• Users Online: 168
  • Print this page
  • Email this page

 Table of Contents  
Year : 2022  |  Volume : 9  |  Issue : 3  |  Page : 108-109

Advocacy to promote archiving of organ imaging data in Indian tertiary care centers

1 Department of Critical Care Medicine, Rajendra Institute of Medical Sciences, Kanke, Ranchi, Jharkhand, India
2 Department of Neurology, Rajendra Institute of Medical Sciences, Rajendra Institute of Medical Sciences, Kanke, Ranchi, Jharkhand, India
3 Department of Pathology, Gandhi Nagar Hospital, Central Coalfields Limited, Kanke, Ranchi, Jharkhand, India

Date of Submission22-May-2022
Date of Acceptance26-Oct-2022
Date of Web Publication22-Dec-2022

Correspondence Address:
Jay Prakash
Department of Critical Care Medicine, Rajendra Institute of Medical Sciences, Ranchi, Jharkhand
Login to access the Email id

Source of Support: None, Conflict of Interest: None

DOI: 10.4103/RID.RID_26_22

Rights and Permissions

How to cite this article:
Prakash J, Chauhan G, Bhattacharya PK, Saran K. Advocacy to promote archiving of organ imaging data in Indian tertiary care centers. Radiol Infect Dis 2022;9:108-9

How to cite this URL:
Prakash J, Chauhan G, Bhattacharya PK, Saran K. Advocacy to promote archiving of organ imaging data in Indian tertiary care centers. Radiol Infect Dis [serial online] 2022 [cited 2023 Mar 23];9:108-9. Available from: http://www.ridiseases.org/text.asp?2022/9/3/108/364772

To the Editor,

Because of the emergence of multiple waves of infection worldwide, the coronavirus disease 2019 (COVID-19) pandemic is far from over. It has emerged as a health emergency with an ever-changing course and requiring the deployment of resources from the multiple areas of expertise. Millions of people worldwide have been affected by this extremely infectious disease. The initial clinical manifestation suggested that COVID-19 primarily affects the respiratory system, but it rapidly became evident that the disease affects the multiple organs.[1] Neurologists initially believed they had little role to play in this pandemic, but a sudden increase in reported neurological symptoms, including stroke, changed their perspective. Cardiologists, nephrologists, and other specialists had a similar experience. In the early stages of the pandemic, it became clear that age and vascular risk factors including diabetes, hypertension, and obesity were the major factors leading to hospitalization and death from this disease. The systemic effects of the infection, including cytokine release, inflammation, and hypercoagulability, are thought to be the major mechanisms by which the multiple organs such as the lungs, heart, brain, and kidneys are affected.[2] Patient management for the above-mentioned conditions must therefore invariably include the use of organ imaging using techniques including computed tomography scans, magnetic resonance imaging, and ultrasound. Often only the most directly applicable imaging features related to the management of the specific patient are used by the treating physician. However, these imaging methods provide multiple data points that, when mined properly, may contribute information that is not often used while the patient is being treated but is relevant to the multiple systems.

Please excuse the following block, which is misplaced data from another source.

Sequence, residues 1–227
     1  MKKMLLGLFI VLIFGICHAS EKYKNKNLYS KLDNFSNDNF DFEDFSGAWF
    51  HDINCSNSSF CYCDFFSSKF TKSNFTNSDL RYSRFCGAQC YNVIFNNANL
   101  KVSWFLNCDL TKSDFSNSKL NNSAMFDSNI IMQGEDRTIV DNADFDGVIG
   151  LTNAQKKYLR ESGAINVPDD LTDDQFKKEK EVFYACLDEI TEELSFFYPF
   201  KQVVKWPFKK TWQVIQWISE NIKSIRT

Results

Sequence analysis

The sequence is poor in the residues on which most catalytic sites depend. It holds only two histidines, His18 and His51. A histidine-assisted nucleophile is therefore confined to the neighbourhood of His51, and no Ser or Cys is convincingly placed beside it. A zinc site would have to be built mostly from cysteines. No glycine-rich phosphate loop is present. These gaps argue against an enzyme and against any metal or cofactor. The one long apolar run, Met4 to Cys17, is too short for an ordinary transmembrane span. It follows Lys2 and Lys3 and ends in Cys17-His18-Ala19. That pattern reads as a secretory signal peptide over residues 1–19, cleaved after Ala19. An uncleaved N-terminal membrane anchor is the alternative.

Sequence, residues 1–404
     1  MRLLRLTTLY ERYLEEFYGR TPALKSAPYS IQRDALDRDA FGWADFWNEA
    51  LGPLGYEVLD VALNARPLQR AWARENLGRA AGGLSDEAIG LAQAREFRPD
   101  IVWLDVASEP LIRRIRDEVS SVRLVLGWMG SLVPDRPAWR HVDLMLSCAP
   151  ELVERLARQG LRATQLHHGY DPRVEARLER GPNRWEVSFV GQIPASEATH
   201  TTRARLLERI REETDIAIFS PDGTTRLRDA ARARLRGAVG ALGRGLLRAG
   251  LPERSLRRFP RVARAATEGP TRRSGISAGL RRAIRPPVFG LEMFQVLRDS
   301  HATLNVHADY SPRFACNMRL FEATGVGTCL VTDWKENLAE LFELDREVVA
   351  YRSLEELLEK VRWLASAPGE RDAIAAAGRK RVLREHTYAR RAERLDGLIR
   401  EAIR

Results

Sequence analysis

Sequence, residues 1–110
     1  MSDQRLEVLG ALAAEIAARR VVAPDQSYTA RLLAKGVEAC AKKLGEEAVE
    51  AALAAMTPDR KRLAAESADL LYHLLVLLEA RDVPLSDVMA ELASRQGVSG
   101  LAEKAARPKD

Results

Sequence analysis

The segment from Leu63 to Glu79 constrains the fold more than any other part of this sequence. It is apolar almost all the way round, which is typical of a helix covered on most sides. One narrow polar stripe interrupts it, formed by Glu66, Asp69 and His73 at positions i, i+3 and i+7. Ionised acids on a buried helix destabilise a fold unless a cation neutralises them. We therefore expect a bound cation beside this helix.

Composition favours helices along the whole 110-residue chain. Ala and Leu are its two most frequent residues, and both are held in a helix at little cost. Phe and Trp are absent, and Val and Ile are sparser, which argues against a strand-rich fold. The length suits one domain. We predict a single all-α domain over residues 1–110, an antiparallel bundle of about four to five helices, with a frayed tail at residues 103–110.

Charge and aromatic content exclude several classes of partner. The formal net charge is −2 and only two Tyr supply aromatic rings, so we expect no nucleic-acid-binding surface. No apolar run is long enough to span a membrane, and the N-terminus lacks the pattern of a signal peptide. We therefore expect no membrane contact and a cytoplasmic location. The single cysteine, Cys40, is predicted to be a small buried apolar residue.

After the accumulation of large datasets, some of these data points may be applied to predict the prognosis and outcomes. Establishing the large datasets can later aid in the conduct of subgroup analyses based on gender, ethnicity, geographical regions and age groups, and COVID-19 wave or variant, leading to the findings beyond those related to individual patient needs. With long-term archiving, such data along with appropriate metadata could be applied in the future to compare the results of an upcoming pandemic or conduct similar analyses. Thus, we can clearly see the current and future utility of archiving such datasets. The UK Biobank, which is one of the world's largest repositories of biological datasets including imaging data (N = 500,000), has now released through its Data Showcase repeat imaging data of internal organs of individuals affected by COVID-19. This has become a valuable resource for the entire scientific community.

India has among the world's highest number of COVID-19-affected individuals, and thousands have succumbed to this pandemic. India also has a high prevalence of vascular risk factors that increase COVID-19 severity and mortality, making our population, particularly vulnerable. Complete understanding and future management of COVID-19 pandemic requires the initiation of activities for proper archiving of COVID-19 patient data. Internal imaging data can be critical to current and future management of COVID-19.


We would like to thank John Daniel from Liwen Bianji (Edanz) (www.liwenbianji.cn), for editing the English text of a draft of this manuscript.

Financial support and sponsorship


Conflicts of interest

There are no conflicts of interest.

  References Top

Gavriatopoulou M, Korompoki E, Fotiou D, Ntanasis-Stathopoulos I, Psaltopoulou T, Kastritis E, et al. Organ-specific manifestations of COVID-19 infection. Clin Exp Med 2020;20:493-506.  Back to cited text no. 1
Iwasaki M, Saito J, Zhao H, Sakamoto A, Hirota K, Ma D. Inflammation triggered by SARS-CoV-2 and ACE2 augment drives multiple organ failure of severe COVID-19: Molecular mechanisms and implications. Inflammation 2021;44:13-34.  Back to cited text no. 2


Similar in PUBMED
   Search Pubmed for
   Search in Google Scholar for
Access Statistics
Email Alert *
Add to My List *
* Registration required (free)

  In this article

 Article Access Statistics
    PDF Downloaded35    
    Comments [Add]    

Recommend this journal